“Uh, pleased to meet you.” She flinched as the woman took her hand.

“I, I’m glad to meet someone who’s,” she hesitated, “nice.”

Shandra smiled. “Well, it’s nice to meet you too, hon’. I can’t imagine how a little thing like yourself made it so long with all the crazies and mutie animals around. It’s a miracle.”

Cara withdrew her hand as quickly as possible. Maybe this woman could help her. She could help with Matthew.

“It wasn’t so bad.” Cara stuttered, blushing. “I’m almost sixteen, and somebody had to take care of Matthew.”

“Who’s Matthew? Your brother?”

Cara nodded. “After Mom died I had to take care of him, like today.” She stopped, cautious. She wanted to talk, but she didn’t dare. This woman might be with the hunters. She hoped not – it would be so nice to have someone else around. It got very lonely with just Matthew to talk to, especially since he couldn’t really talk anymore.

A movement on the left caught Cara's eye. She dove to the right as the hunters ran out of the alley. There were four of them, the tentacle man and three others. One had enormous walrus tusks, another had a huge eye in the middle of his forehead, and the last had the furry face of a lion. Cara rolled on the ground, pointing her gun at them, trying to steady her shaking hands. Shandra moved in front of the unsteady girl and spoke.

“Why don’t you go home.” Cara could feel power resonating in those last two words. She would have run home right away if Shandra’s words had been directed at her. Walrus-face turned and ran down the street. The others looked confused but didn’t move. Only Tentacles seemed aware of the mindbender. He screamed and launched himself at her. Cara ran for cover. Ducking behind a row of cars parked on the curb, she caught glimpses of Shandra, grappling with Tentacles. Blood ran down the woman’s arms where his tentacles had ripped her skin. The table leg crashed into her head with a sickening thump, sending a cloud of tiny black feathers flying. Shandra staggered to the side, clutching her bleeding head.

Turning, Tentacles spotted Cara, cowering near an old blue Chevy. His eyes narrowed as he approached her, brandishing his makeshift club. She shrank back, wishing herself invisible, closing her eyes. But no blow descended. Cara opened her eyes. Tentacles was nowhere in sight. She saw Shandra, shakily supporting herself on a nearby mailbox, her hand stretched upwards as if reaching for something. The one-eye and lion face hunters stared at the space just above Cara in a kind of horrified trance. The girl slowly followed their gaze upwards. What she saw made her press her hands to her mouth stifling a scream. Tentacles hung suspended almost ten feet above Cara, eyes rolled back, limbs jerking. A weird blue light danced around him, moving him like a marionette in a bad puppet show.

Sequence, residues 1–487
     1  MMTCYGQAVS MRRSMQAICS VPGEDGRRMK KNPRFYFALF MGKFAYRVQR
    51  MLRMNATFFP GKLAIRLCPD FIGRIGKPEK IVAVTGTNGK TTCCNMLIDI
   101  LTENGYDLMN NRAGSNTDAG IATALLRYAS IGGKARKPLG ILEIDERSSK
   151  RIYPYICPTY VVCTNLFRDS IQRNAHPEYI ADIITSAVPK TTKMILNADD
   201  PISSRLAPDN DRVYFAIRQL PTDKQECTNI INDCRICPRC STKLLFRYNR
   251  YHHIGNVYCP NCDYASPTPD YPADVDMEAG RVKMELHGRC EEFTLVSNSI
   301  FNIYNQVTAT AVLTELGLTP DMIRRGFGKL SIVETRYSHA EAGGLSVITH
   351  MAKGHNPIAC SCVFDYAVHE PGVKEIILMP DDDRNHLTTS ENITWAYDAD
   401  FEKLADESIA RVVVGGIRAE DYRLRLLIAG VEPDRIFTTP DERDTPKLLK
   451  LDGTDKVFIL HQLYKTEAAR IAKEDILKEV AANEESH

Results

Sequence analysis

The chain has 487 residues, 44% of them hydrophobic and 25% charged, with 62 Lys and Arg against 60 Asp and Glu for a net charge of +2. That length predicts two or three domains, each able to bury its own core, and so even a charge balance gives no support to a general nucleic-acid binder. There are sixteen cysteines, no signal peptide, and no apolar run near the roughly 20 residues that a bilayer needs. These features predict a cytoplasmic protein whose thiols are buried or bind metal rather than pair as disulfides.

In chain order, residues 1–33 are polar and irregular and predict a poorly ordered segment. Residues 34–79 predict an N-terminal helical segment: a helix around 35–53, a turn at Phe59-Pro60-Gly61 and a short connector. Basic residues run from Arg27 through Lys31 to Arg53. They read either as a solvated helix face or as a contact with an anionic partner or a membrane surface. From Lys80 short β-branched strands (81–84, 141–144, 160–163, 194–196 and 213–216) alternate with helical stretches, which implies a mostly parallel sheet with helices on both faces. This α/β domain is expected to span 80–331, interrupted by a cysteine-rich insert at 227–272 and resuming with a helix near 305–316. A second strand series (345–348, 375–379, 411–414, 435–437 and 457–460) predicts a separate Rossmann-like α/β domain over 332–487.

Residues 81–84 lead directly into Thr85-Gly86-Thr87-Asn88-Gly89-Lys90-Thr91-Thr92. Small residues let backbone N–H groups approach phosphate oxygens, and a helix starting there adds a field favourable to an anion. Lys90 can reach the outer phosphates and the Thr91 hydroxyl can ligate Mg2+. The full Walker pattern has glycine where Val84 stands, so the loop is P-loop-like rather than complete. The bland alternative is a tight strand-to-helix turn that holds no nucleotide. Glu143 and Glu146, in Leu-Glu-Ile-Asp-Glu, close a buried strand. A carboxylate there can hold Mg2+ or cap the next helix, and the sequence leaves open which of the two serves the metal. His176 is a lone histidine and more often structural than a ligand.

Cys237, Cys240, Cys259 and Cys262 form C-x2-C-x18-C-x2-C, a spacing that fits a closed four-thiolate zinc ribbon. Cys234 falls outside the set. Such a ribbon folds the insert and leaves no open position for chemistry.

“Go Home!” Shandra’s words rattled through Cara like thunder. One-eye and lion face ran, not stopping to look back. As their footsteps faded, Shandra dropped to the ground, exhausted. Tentacles hung for a moment longer, then fell in an almost comical imitation of the woman on the street.

Cara ran to Shandra’s side, bending to examine her bloody head. The woman looked up at her, a wane smile on her lips.

“Thanks, hon’. But we need to get indoors somewhere. We’re sitting ducks out here.” She moaned, clutching her head as she tried to stand. Cara grabbed her arm, supporting the woman. The feathers felt strangely soft beneath her fingers and the girl imagined she could feel them moving.

“I can see just fine in the dark,” Cara proclaimed, pointing at her glowing red eyes. “I’m pretty sure we can make it to the library from here pretty quick.” She led the way down the street as she spoke, keeping a watchful eye on the buildings and alleys nearby.

They made their way to the library with relatively little difficulty. They only had to hide once as something slithered out of a Stop N Go and down the street. Cara led Shandra to the Reading Room where she had set up a cot for herself. Shandra lowered herself onto the small bed, groaning as pain lanced through her throbbing head. She smiled weakly at the young girl who had helped her get here, then closed her eyes, slipping into restful oblivion.